The majority of successful senior managers do not closely follow the classical rational model of first clarifying goals, assessing the problem, formulating options, estimating likelihoods of success, making a decision, and only then taking action to implement the decision. Rather, in their day-by-day tactical maneuvers, these senior executives rely on what is vaguely termed "intuition" to manage anetwork of interrelated problems that require them to deal with ambiguity, inconsistency, novelty, and surprise; and to integrate action into the process of thinking.

Generations of writers on management have recognized that some practicing managers rely heavily on intuition. In general, however, such writers display a poor grasp of what intuition is. Some see it as the opposite of rationality; others view it as anexcuse for capriciousness.

Isenberg's ecent research on the cognitive processes of senior managers reveals that managers' intuition is neither of these. Rather, senior managers use intuition in at least five distinct ways. First, they intuitively sense when a problem exists. Second, managers rely on intuition to perform well-learned behavior patternsrapidly. This intuition is not arbitrary or irrational, but is based on yearsof painstaking practice and hands-on experience that build skills. A third function of intuition is to synthesize isolated bits of data and practice intoan integrated picture, often in an "Aha!" experience. Fourth, somemanagers use intuition as a check on the results of more rational analysis. Mostsenior executives are familiar with the formal decision analysis models andtools, and those who use such systematic methods for reaching decisions areoccasionally leery of solutions suggested by these methods which run counter totheir sense of the correct course of action. Finally, managers can useintuition to bypass in-depth analysis and move rapidly to engender a plausiblesolution. Used in this way, intuition is an almost instantaneous cognitive process in which a manager recognizes familiar patterns.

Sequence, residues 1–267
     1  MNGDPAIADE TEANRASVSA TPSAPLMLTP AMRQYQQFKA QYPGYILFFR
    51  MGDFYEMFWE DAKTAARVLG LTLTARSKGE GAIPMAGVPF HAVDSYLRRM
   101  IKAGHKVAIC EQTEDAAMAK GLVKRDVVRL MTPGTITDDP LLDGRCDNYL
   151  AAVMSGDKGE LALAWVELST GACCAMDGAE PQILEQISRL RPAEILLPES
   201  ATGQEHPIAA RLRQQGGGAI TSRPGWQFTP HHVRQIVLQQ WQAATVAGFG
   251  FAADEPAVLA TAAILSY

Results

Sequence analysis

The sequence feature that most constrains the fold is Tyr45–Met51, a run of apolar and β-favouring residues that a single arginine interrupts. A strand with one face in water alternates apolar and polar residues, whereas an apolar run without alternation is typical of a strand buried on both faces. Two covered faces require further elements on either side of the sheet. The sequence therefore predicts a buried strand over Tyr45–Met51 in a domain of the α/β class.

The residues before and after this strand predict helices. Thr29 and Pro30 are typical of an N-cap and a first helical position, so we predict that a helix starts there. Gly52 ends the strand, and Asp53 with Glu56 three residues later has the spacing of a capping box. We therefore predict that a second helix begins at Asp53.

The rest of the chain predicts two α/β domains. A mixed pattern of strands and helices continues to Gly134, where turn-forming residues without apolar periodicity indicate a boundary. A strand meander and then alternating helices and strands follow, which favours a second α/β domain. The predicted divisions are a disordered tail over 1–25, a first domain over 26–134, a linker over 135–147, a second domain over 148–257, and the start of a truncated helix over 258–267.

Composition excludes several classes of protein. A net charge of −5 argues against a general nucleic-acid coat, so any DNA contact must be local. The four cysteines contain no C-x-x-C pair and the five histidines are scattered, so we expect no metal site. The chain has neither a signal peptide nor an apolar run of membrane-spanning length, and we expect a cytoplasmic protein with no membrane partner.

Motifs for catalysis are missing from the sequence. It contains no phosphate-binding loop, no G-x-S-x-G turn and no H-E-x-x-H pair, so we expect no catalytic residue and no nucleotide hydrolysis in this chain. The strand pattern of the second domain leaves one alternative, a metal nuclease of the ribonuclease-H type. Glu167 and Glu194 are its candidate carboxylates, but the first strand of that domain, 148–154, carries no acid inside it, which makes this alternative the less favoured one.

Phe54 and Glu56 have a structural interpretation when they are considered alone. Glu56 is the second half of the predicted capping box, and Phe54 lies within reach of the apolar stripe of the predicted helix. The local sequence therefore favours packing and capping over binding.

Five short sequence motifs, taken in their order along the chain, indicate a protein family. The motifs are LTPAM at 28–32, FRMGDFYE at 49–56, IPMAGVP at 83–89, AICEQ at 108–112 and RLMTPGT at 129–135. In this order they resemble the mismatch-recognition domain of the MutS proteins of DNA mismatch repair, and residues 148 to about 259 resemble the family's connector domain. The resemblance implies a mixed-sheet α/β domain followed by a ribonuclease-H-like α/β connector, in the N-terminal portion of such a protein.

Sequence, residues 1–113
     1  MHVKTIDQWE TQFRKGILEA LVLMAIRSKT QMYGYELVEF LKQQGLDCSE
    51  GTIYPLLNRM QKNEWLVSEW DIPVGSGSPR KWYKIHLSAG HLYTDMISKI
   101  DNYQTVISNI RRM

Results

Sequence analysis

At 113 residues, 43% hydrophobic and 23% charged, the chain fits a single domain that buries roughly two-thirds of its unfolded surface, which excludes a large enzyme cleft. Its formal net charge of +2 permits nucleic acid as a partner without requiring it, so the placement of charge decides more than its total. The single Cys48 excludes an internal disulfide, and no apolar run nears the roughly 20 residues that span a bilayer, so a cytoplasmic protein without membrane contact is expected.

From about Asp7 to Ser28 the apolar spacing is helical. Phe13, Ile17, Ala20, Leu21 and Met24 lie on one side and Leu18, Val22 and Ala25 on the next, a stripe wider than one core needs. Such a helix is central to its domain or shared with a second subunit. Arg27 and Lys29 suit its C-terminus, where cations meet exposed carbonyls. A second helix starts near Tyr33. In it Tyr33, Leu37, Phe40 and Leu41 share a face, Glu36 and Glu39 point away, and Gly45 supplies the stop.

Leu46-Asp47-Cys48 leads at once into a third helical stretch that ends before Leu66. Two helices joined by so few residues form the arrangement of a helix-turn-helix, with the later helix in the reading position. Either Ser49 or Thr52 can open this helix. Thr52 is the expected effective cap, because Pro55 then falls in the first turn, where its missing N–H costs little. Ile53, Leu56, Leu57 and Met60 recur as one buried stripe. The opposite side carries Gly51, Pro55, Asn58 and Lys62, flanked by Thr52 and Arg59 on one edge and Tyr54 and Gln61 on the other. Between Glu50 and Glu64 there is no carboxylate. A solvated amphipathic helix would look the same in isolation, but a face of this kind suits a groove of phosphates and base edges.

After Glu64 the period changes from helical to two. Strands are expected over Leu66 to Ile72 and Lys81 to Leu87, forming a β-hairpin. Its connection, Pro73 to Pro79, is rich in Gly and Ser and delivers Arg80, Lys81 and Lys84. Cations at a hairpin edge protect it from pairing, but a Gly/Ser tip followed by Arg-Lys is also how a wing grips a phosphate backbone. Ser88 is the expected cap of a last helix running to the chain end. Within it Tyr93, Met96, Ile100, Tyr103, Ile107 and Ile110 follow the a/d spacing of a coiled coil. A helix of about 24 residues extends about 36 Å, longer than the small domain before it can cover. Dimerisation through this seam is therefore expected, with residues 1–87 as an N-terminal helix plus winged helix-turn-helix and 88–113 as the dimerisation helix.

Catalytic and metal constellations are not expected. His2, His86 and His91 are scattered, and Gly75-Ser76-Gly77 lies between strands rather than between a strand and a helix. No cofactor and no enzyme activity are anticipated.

One of the implications of the intuitive style of executive management is that "thinking" is inseparable from acting. Since managers often "know" what is right before they can analyze and explain it, they frequently act first and explain later. Analysis is inextricably tied to actionin thinking/acting cycles, in which managers develop thoughts about their companies and organizations not by analyzing a problematic situation and then acting, but by acting and analyzing in close concert. Given the great uncertainty of many of the management issues that they face, senior managers often instigate a course of action simply to learn more about an issue. They then use the results of the action to develop a more complete understanding of the issue. One implication of thinking/acting cycles is that action is often part of defining the problem, not just of implementing the solution.


It can be inferred from the passage that which of the following would most probably be one major difference in behavior between Manager X, who uses intuition to reach decisions, and Manager Y, who uses only formal decision analysis?


Manager X analyzes first and then acts; Manager Y does not.

Manager X checks possible solutions to a problem by systematic analysis; Manager Y does not.

Manager X takes action in order to arrive at the solution to a problem; Manager Y does not.

Manager Y draws on years of hands-on experience in creating a solution to a problem; Manager X does not.

Manager Y depends on day-to-day tactical maneuvering; Manager X does not.

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